INSIGHT: New Dow will have to capture growth

23 September 2008 17:56  [Source: ICIS news]

By Nigel Davis

LONDON (ICIS news)--Dow Chemical’s ‘transformation’ is ongoing but the company took the opportunity last week to stress to investors its stability.

Hardly surprising given current financial turmoil and the tottering global banking systems but Dow highlighted its 96-year history of uninterrupted dividends and a dividend yield of 4.7%.

Manufacturing industry will not emerge unscathed from the hurricanes of change storming across the globe.

The stock and oil markets’ reaction on Monday and Tuesday this week to the uncertainties surrounding the US government’s $700bn bail out package for banks saddled with so-called ‘toxic’ loans demonstrates that.

Chemical companies will be constrained by stasis in the credit markets. They could be crippled by volatile and apparently escalating oil prices that in a declining chemicals market cannot be passed on in higher prices.

Dow says it has solid financing in place to acquire US specialty company Rohm and Haas.

Following Bank of America’s investment conference in San Francisco, BoA analyst Kevin McCarthy said that the $18.8bn Rohm and Haas deal was not contingent upon the K-Dow venture with Kuwait's Petrochemical Industries Co closing.

Observers have raised some questions over the final deal that Dow might strike with PIC, the gestation period for this venture having been so long.

Dow says that the deal will close in the fourth quarter and that “day one” of K-Dow Petrochemicals will be before year-end. The company says it is on track to close the Rohm and Haas acquisition in early 2009.

Dow can be expected to make significant cost savings as it integrates Rohm and Haas and creates a new, Philadelphia headquartered, business unit.

But taken together the deals do have the potential to transform the company with a sharp portfolio shift towards businesses that can deliver potentially higher added value and stronger growth.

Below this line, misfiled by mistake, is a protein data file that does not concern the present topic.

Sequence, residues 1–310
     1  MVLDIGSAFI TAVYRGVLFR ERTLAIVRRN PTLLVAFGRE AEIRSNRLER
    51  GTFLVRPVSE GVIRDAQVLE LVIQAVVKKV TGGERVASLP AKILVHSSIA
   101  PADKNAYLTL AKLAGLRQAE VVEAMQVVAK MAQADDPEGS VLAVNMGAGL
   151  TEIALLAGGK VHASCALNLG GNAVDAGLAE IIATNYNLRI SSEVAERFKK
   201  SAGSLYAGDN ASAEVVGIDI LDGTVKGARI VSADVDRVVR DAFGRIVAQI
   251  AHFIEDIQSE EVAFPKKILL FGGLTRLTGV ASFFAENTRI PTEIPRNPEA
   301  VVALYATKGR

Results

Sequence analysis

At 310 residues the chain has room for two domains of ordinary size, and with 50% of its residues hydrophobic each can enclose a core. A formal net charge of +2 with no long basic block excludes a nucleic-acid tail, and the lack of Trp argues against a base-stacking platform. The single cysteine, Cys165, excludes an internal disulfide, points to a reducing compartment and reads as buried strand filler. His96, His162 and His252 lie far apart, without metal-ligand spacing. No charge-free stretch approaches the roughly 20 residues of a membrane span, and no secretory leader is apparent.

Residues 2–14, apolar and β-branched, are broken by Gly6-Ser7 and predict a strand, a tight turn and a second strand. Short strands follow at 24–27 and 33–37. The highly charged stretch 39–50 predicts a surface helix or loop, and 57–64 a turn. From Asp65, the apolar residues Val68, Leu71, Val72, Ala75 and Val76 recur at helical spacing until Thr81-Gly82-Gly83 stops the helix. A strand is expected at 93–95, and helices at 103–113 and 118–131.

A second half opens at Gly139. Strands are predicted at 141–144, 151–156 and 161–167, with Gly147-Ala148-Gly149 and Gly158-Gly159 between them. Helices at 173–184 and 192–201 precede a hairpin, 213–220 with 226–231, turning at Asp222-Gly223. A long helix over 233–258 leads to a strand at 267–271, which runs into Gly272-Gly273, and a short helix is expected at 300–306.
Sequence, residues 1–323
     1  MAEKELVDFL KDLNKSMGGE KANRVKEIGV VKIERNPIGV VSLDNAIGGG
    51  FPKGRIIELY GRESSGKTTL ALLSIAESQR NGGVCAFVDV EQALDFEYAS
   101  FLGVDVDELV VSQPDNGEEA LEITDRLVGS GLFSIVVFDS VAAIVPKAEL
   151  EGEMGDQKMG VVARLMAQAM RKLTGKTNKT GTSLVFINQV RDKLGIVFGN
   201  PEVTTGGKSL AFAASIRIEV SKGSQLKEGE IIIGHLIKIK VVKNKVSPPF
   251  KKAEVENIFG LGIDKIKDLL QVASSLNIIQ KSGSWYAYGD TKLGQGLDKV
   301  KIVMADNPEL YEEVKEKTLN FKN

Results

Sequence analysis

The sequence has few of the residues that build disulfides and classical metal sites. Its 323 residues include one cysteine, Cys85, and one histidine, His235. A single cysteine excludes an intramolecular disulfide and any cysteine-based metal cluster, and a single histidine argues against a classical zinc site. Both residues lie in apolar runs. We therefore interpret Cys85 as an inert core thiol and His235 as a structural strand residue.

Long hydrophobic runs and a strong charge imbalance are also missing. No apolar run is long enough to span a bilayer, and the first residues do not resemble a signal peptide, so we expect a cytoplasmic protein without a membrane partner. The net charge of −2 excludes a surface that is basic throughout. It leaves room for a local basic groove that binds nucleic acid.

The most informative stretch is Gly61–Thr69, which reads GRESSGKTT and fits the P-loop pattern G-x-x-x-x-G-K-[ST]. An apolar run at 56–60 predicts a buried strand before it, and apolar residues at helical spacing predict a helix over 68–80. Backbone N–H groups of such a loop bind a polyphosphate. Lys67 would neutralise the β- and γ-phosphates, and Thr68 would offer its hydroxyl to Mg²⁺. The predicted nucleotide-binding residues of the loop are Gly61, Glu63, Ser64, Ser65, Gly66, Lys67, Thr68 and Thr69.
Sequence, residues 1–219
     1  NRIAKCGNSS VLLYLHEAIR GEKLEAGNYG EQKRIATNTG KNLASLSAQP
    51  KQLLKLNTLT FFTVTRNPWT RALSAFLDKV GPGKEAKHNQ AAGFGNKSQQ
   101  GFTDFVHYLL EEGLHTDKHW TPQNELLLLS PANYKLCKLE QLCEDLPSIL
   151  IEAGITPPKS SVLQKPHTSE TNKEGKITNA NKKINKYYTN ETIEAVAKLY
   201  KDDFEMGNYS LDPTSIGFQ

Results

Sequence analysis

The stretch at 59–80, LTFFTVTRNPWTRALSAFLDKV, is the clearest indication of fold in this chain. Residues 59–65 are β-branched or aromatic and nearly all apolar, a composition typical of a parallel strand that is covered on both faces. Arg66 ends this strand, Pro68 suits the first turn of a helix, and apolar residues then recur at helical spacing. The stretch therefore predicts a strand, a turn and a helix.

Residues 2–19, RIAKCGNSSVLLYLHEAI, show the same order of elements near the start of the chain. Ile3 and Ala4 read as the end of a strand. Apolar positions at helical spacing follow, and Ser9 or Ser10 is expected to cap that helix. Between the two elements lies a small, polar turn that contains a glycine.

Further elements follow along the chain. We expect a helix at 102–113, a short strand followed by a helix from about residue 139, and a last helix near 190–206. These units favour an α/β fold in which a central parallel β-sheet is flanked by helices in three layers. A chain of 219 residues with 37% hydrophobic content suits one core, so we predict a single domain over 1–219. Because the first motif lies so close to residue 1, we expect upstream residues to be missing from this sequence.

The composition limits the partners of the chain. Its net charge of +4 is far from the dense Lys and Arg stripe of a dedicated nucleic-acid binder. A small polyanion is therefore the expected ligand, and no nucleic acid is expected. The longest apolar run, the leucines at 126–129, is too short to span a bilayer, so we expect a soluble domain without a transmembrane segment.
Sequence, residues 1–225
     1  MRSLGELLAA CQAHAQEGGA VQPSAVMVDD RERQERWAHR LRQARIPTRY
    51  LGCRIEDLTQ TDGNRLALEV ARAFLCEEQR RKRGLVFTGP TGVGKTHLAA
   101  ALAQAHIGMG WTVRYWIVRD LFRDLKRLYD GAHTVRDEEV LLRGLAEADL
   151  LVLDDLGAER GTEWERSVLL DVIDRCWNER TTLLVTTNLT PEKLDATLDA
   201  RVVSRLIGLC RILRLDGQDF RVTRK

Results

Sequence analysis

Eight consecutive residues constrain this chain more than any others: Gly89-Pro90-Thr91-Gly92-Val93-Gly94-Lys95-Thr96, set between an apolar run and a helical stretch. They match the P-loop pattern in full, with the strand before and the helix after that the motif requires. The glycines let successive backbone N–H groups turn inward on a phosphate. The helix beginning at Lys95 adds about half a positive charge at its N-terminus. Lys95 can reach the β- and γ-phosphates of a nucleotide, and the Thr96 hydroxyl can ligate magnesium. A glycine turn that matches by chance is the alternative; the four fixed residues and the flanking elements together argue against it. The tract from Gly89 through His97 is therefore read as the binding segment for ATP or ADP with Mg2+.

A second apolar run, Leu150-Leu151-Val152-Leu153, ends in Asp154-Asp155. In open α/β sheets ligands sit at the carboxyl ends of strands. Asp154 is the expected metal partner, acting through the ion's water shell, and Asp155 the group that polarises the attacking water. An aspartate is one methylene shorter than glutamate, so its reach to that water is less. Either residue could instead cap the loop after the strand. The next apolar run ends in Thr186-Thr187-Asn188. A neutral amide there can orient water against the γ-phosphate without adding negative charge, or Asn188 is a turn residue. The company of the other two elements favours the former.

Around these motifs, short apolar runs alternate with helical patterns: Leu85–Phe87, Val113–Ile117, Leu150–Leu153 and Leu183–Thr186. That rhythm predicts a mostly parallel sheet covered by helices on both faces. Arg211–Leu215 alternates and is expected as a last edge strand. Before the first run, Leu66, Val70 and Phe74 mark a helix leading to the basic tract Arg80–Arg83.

The challenge for Dow management, of course, will be to make that happen.

The K-Dow venture preserves the vertical integration for the performance businesses, Dow says, while at the same time opening the door for the venture businesses to capture low-cost feedstocks for future growth.

K-Dow could grow especially in China, India and the Middle East, Dow said in its latest BoA presentation.

On the olefins side, Dow will contribute the crackers at Fort Saskatchewan in Canada, Bahia Blanca in Argentina and Tarragona in Spain to the venture. The Tarragona unit includes an octene manufacturing facility.

Alongside that K-Dow will have ethylene supply agreements for Dow’s other ethylene plants.

Once in place, however, most eyes will be on how Dow develops its other, performance, or market-facing businesses and incorporates Rohm and Haas into the new advanced materials operating segment.

The Rohm and Haas deal offers the greatest potential for growth. Dow is acquiring a good company but one that is under pressure as the US economy wilts and chemicals growth slows.

For Dow the acquisition will help create leadership positions in some important growth segments and, in a point that is often lost when acquisitions are concluded, help fuel innovation-led growth.

It is usually not easy to determine until well after closing just what innovation fits there are between different companies and different businesses. The trick has to be to make them deliver more than simply the sum of the parts.

Dow wants more stable earnings and higher growth from a portfolio which it says will be two third specialties. The so-called market-driven businesses will include Dow’s performance products, its health and agriculture operations and Rohm and Haas' Advanced materials.

Dow including Rohm and Haas can tap into businesses with sector-wide growth rates of 5-7%, it has said, compared with 2007-2012 forecast growth rates for the businesses Dow is in now of only 4%.

The K-Dow venture and the Rohm and Haas integration raise more questions than it is possible now to answer.

What shape will the new Dow really take, for example, when the deals are done? Will the integration synergies in the new system from cracker to specialty product really work?

The opportunities for K-Dow are significant but can it be successful in countries like India where Dow has had problems confronting the Carbide legacy? What does the future hold for Dow’s planned mega-project with Saudi Aramco?

Dow is on course to making a notable step change in its structure and one that will ultimately alter the mindset of the group.

The realigned Dow has to be adept at capturing growth in established as well as emerging markets, in new businesses as well as old.

To discuss issues facing the chemical industry go to ICIS connect

By: Nigel Davis
+44 20 8652 3214

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